The Selection of Data
Deborah, a third-year graduate student, and Kamala, a postdoctoral fellow, have made a series of measurements on a new experimental semiconductor material using an expensive neutron test at a national laboratory. When they return to their own laboratory and examine the data, a newly proposed mathematical explanation of the semiconductor’s behavior predicts results indicated by a curve.
During the measurements at the national laboratory, Deborah and Kamala observed electrical power fluctuations that they could not control or predict were affecting their detector. They suspect the fluctuations affected some of their measurements, but they don’t know which ones.
When Deborah and Kamala begin to write up their results to present at a lab meeting, which they know will be the first step in preparing a publication, Kamala suggests dropping two anomalous data points near the horizontal axis from the graph they are preparing. She says that due to their deviation from the theoretical curve, the low data points were obviously caused by the power fluctuations. Furthermore, the deviations were outside the expected error bars calculated for the remaining data points.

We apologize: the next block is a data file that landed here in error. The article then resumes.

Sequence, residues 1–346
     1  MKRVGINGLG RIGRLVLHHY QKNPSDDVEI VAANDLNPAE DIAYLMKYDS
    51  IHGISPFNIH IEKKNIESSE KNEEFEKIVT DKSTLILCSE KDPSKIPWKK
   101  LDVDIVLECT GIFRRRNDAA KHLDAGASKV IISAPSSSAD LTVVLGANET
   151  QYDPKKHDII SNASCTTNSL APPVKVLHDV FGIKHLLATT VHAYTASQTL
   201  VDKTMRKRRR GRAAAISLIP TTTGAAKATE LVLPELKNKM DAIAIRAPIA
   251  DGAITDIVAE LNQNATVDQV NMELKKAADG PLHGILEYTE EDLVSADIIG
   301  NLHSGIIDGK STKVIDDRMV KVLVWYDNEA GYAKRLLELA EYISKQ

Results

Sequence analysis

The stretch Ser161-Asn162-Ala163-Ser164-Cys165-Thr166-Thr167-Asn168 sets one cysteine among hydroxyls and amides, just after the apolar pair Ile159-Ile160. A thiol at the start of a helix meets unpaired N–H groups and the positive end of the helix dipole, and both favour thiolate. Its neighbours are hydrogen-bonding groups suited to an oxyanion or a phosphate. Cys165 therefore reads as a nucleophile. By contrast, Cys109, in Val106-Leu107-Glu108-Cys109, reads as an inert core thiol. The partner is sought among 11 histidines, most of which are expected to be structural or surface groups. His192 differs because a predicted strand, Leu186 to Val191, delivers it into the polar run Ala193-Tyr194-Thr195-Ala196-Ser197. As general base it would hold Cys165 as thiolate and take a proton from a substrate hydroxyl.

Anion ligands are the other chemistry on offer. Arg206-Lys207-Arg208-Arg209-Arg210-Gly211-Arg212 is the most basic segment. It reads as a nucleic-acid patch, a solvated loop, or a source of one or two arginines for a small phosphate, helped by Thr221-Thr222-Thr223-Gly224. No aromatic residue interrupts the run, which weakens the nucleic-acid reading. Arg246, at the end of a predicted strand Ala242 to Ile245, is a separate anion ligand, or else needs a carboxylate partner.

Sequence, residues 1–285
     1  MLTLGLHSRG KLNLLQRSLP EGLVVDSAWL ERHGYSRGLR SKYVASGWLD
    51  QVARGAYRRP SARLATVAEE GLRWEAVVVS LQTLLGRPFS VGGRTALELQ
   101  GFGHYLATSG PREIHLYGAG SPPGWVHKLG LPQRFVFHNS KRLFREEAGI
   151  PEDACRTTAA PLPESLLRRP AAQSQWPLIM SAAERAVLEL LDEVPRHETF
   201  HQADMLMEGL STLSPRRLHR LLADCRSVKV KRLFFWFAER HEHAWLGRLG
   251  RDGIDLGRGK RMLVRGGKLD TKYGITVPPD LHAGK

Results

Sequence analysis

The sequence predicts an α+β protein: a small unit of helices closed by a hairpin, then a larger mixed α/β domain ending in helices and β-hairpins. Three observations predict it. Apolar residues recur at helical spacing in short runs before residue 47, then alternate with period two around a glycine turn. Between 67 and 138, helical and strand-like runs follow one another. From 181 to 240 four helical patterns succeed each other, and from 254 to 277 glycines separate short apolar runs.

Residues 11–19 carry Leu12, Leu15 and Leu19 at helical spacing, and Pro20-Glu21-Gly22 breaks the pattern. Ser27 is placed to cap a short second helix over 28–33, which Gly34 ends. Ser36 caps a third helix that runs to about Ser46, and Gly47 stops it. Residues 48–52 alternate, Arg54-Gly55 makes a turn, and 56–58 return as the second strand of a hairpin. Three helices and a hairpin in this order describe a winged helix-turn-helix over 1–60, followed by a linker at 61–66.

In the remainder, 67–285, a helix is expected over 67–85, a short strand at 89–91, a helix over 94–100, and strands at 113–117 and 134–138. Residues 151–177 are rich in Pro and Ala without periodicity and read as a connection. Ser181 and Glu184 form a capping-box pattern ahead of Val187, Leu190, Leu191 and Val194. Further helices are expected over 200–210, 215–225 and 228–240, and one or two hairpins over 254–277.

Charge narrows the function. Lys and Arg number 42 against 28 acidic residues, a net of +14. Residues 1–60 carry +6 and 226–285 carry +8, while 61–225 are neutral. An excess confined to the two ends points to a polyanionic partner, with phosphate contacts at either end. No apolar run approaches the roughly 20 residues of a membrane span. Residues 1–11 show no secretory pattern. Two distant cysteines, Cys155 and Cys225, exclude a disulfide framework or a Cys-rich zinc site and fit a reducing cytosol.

Deborah is concerned that dropping the two points could be seen as manipulating the data. She and Kamala could not be sure that any of their data points, if any, were affected by the power fluctuations. They also did not know if the theoretical prediction was valid. She wants to do a separate analysis that includes the points and discuss the issue in the lab meeting. But Kamala says that if they include the data points in their talk, others will think the issue important enough to discuss in a draft paper, which will make it harder to get the paper published. Instead, she and Deborah should use their professional judgment to drop the points now.